Museum Minute is written by Elle O’Flaherty. Elle lives in Mt. Pleasant and previously wrote about the Bureau of Engraving and Printing.
I was pretty excited to take my kid to the National Children’s Museum at National Harbor, but after going once I won’t be in a hurry to return. For starters, entrance for two adults and one kid over 12 months will run you $30. That’s a lot of dough in the city of mostly free museums. Once we got in and poked around we realized the museum is really small without all that much to it. It kind of reminded me of a large, fancy daycare. They’re trying to give the “exhibits” an educational spin, but really they’re run of the mill children’s activities. For instance, one exhibit is about what people wear around the world, but it’s just pictures of kimonos, saris, and the like with cheap cotton kimonos, etc. the kids can try on. The next area over features what people eat which is, again, just pictures and a few puzzles of international food along with a kitchen play area. It felt chintzy and way overpriced, like paying to hang out at that one friend’s house whose parents bought too many toys.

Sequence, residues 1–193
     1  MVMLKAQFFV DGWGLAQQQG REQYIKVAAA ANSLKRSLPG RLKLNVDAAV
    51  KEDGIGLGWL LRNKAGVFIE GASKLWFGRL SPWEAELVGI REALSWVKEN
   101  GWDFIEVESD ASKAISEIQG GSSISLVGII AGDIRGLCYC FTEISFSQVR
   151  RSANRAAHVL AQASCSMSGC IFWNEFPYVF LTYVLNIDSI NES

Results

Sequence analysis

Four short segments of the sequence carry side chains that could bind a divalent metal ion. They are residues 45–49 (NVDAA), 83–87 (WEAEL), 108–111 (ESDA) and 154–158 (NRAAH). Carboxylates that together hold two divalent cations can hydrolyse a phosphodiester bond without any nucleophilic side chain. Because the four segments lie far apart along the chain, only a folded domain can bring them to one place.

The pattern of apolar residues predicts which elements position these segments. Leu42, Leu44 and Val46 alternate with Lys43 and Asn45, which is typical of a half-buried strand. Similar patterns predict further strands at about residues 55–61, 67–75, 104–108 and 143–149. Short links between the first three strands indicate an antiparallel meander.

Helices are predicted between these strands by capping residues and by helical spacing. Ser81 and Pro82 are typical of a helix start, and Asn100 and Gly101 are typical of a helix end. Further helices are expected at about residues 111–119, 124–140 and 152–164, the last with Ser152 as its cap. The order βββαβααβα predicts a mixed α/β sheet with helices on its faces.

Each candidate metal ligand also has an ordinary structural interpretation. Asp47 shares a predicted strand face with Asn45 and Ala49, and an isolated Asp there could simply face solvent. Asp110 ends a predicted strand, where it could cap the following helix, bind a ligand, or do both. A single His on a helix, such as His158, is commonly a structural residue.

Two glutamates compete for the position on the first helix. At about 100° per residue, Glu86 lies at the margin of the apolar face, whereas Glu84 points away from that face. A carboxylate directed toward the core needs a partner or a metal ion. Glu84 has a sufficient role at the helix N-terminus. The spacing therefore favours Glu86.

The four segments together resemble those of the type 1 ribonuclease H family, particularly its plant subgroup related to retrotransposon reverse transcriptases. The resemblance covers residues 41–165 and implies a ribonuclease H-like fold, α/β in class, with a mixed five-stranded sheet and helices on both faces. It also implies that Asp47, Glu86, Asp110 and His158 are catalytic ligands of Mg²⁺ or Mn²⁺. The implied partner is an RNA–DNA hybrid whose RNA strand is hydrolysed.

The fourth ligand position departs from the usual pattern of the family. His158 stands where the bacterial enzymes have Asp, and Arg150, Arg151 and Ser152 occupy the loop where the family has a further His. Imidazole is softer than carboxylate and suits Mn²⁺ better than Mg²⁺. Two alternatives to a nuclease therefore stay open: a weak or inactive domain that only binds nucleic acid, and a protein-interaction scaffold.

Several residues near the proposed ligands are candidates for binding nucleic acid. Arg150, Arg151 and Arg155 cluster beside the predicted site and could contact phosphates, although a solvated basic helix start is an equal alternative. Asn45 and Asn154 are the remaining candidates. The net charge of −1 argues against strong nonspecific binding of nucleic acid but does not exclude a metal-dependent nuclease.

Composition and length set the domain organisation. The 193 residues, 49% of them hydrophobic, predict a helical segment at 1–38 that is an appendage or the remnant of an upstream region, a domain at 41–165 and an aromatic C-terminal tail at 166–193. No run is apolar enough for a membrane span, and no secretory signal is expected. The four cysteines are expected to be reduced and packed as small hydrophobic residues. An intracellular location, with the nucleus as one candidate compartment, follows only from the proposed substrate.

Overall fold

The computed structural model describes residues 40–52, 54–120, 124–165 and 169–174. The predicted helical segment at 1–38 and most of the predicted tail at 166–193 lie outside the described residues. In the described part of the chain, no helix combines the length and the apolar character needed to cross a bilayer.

I should say that the kids all seemed to be having a good time and my daughter, who was probably a bit young for it at just under ten months, enjoyed the outing. However, if you’re looking for an incredible children’s museum and don’t mind a drive, I highly recommend the Science Museum of Virginia in Richmond instead. Now that is an awesome museum which, for about the same price, is huge and has real educational exhibits as well as a nice IMAX theater. In contrast, the National Children’s Museum (much like everything at National Harbor, as far as I can tell) was just designed to part you from your money.